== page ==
“Seemed Like I Turned Into Somebody Else,” Says Defendant In Okie Dokie Murder Trial

Wednesday, October 24, 2007 - by Dana Wilbourn

Charles Nash, on trial in Criminal Court for the murder of Ok-Hui Brown at the Okie Dokie Market in St. Elmo, told investigators on a recording played in court Wednesday that it “seemed like I turned into somebody else.”

“It all just happened so fast,” said Nash on the recording. “It seemed like I turned into some…somebody else, I don’t know.”

The recording was made on the night of the murder after Nash signed a waiver of his rights under the Miranda Law.

His comment was in reference to when the gun went off. He said he went in the store to purchase a bottle of water. He placed the water on the counter and reached in his pocket for the money. That’s when he felt the gun.

On the recording, Nash said he had purchased a gun off the street for $200 because some “dope boy” had been robbed and word on the street was that he had done it. He said he had received a phone call telling him that if he didn’t come up with $10,000 by Monday, his grandmother would be killed. So he bought the gun for protection, he said.

“When I felt the gun, I started thinking of my grandmama again,” Nash said.

“And then you just pulled it on her,” Detective Ken Freeman asked?

“Yeah man,” Nash replied.

“She tried to grab the gun though,” Nash said on the recording. “She tried what?” said Det. Freeman. “Grab the gun,” said Nash.

Nash said, “She…she tried to grab the gun and…and…and I ain’t even know it was no bullets in there like, cause when dude sold it to me I told him I ain’t…I ain’t got no…no bullets or nothin’ so I just got the gun just like for show cause them people out there in the Westside was startin’ to talk crazy and do stuff and I ain’t even know…I ain’t mean for none of that junk to happen. She tried to grab the gun and it just…it shocked me, it…it started…it just started going off, just (inaudible) it was just…I think I heard two shots and I was like what, what the…I ain’t know was up.

“I didn’t kill that lady. They might think I killed her or whatever, but she…she…she…she did herself. She grabbed…she tried to grab the gun and it just started going off and like I ain’t know it was no bullets in there.”

On the recording, Det. Freeman asked Nash, “But you know you’re responsible for a death, right?”

Nash responded, “Man, how…how can I be responsible when she…she…she grabbed the gun. She…she grabbed it, she grabbed it, she…even though I mean yeah I was holding it, but I ain’t…I ain’t know no bullet was in there and she grabbed it and it started going off. She…she did herself. I didn’t mean for none of that to happen.”

Prosecutors have brought into evidence six .380-caliber spent cartridges found at the scene. Also, a search of a closet in the defendant’s apartment turned up a box of .380-caliber ammunition with just three live rounds remaining and another live round in the kitchen. The markings on the bottom of those unfired rounds matched the markings of five of the six spent cartridges recovered from the scene.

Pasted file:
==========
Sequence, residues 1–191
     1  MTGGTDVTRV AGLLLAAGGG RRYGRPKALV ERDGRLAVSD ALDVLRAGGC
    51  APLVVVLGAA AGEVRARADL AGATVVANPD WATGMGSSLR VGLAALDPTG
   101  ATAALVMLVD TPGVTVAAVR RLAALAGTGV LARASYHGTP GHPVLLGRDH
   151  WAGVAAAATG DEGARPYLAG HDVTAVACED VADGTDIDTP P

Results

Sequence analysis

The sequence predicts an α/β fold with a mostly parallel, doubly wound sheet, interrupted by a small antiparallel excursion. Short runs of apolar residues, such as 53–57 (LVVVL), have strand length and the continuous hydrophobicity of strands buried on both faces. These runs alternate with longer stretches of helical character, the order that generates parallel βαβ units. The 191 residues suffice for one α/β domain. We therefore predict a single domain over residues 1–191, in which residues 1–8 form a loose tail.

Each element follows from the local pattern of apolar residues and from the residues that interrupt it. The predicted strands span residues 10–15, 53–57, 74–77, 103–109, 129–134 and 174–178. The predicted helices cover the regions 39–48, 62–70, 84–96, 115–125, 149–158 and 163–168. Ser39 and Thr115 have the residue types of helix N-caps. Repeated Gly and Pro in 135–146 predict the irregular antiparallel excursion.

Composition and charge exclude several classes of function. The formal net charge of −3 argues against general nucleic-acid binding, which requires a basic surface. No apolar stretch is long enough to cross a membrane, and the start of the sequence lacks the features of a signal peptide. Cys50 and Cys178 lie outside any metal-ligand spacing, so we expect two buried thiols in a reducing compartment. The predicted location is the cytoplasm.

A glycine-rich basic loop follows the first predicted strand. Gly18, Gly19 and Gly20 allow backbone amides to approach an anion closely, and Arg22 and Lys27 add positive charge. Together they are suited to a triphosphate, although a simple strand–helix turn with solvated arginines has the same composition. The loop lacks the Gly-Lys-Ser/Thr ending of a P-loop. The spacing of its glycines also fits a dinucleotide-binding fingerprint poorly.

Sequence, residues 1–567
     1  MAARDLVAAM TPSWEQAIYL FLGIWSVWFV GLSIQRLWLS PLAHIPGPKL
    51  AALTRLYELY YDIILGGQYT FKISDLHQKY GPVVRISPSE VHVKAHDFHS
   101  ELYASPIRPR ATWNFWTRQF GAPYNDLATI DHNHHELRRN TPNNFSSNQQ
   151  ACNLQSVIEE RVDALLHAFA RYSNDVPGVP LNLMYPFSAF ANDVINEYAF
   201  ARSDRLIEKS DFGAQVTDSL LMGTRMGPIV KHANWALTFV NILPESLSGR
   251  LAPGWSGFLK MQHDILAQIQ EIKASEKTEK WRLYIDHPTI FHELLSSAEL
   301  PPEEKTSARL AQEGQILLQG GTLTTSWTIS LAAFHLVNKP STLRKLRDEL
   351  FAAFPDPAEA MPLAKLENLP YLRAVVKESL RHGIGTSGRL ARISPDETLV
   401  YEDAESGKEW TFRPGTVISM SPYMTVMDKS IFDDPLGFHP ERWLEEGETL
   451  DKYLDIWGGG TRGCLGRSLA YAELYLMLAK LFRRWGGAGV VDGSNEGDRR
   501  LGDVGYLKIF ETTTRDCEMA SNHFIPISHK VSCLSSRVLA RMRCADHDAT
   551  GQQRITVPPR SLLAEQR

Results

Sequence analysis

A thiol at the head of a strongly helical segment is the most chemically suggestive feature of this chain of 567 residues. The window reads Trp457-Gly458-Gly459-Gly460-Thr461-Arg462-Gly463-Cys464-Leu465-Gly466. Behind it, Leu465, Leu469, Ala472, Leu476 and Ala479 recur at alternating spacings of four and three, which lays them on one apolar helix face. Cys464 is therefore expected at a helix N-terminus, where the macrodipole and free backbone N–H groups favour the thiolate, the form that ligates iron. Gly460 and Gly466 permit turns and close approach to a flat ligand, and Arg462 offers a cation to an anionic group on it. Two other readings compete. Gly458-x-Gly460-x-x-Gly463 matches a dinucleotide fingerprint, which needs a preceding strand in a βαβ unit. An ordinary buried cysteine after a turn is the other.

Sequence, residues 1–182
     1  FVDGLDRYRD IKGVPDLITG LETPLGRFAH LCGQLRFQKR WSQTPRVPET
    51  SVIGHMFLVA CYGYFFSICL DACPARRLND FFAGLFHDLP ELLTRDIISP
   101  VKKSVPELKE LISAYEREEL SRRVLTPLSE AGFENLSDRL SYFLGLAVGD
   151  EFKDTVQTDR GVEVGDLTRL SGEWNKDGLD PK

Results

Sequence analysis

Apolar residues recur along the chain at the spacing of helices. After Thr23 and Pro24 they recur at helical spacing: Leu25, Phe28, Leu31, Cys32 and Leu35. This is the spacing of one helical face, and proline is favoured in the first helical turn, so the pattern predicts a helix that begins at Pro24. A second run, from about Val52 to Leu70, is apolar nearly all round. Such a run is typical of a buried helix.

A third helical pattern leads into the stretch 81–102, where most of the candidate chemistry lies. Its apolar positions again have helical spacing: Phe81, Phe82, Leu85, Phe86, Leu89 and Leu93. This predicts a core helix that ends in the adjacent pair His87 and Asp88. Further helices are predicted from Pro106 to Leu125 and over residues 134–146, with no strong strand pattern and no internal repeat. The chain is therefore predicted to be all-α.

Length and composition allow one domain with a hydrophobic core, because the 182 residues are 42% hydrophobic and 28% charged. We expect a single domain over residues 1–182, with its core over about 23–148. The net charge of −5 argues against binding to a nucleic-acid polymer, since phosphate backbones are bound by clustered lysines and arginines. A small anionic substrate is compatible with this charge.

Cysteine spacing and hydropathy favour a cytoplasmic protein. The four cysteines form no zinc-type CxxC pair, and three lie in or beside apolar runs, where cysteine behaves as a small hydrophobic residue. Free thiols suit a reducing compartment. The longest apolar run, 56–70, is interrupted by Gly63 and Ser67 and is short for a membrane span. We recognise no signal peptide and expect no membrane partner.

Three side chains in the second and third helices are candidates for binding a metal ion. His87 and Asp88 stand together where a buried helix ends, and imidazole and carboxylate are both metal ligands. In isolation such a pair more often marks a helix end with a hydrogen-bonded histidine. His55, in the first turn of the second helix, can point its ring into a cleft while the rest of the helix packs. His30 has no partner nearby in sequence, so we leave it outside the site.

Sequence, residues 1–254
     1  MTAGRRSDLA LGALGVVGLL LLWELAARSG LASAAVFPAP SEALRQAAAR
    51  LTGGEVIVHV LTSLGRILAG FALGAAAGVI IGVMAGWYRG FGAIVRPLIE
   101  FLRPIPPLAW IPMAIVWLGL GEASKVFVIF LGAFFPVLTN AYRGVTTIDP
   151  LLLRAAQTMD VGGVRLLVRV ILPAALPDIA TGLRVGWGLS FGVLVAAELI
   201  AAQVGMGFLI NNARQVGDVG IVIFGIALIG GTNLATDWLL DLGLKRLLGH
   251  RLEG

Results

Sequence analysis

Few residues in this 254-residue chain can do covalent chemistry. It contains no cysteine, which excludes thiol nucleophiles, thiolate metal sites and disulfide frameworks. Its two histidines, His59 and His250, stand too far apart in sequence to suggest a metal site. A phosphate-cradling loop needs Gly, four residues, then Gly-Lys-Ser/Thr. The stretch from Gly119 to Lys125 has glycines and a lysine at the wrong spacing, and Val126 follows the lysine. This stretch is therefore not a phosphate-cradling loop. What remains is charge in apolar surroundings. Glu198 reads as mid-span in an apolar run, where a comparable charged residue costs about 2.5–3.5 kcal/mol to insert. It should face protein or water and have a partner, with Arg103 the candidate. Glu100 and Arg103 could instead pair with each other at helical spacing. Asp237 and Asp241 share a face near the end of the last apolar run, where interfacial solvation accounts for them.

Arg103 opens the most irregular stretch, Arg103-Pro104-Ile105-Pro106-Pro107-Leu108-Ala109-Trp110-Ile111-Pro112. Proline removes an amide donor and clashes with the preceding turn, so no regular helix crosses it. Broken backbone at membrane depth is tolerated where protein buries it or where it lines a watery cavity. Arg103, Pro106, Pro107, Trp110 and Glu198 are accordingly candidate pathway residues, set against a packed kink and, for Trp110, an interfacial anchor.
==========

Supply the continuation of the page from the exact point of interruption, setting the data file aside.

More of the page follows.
Missing from the market at the time of the investigation was the cash register on the counter. When asked, on the recording if he had the cash register when he got to his house, Nash responded, “I don’t remember. I think I threw it out.”

“Where do you think you throwed it to?” Det. Freeman asked.

“Somewhere in St. Elmo,” Nash replied.

Nash agreed on the recording to take the detectives to where he thought he threw the cash register. Det. Freeman testified that the cash register was not where Nash took them. The cash register was discovered 11 days later by a property owner on W. 37th Street in St. Elmo. The property owner called police because he thought it was an unusual thing to find.

Agent Oakley McKinney, from the Tennessee Bureau of Investigation, testified on latent fingerprint evidence. He said Nash’s fingerprints were not on the 9mm gun (the victim’s gun), or the magazine for the 9mm gun, or on the cash register. Nash’s fingerprints were on the bottle of water he left on the counter. A total of nine fingerprints taken from a white Crown Victoria that Nash allegedly used in the crime were matched to Nash.

Crime Scene Investigator Brian Lockhart testified that from comments made by Nash on his recorded statement that several hundred dollars allegedly taken in the robbery/murder were found in an apartment in Red Bank. Also found in Red Bank was a white Crown Victoria automobile that Nash indicated he was driving at the time of the crime. Under the back seat of the automobile a large amount of loose change was recovered.

District Attorney Bill Cox and his assistant, Neal Pinkston, said that witnesses from the TBI Crime Lab would be testifying Thursday morning, after which time they expect to close.

Dana Wilbourn
dbwilbourn@yahoo.com


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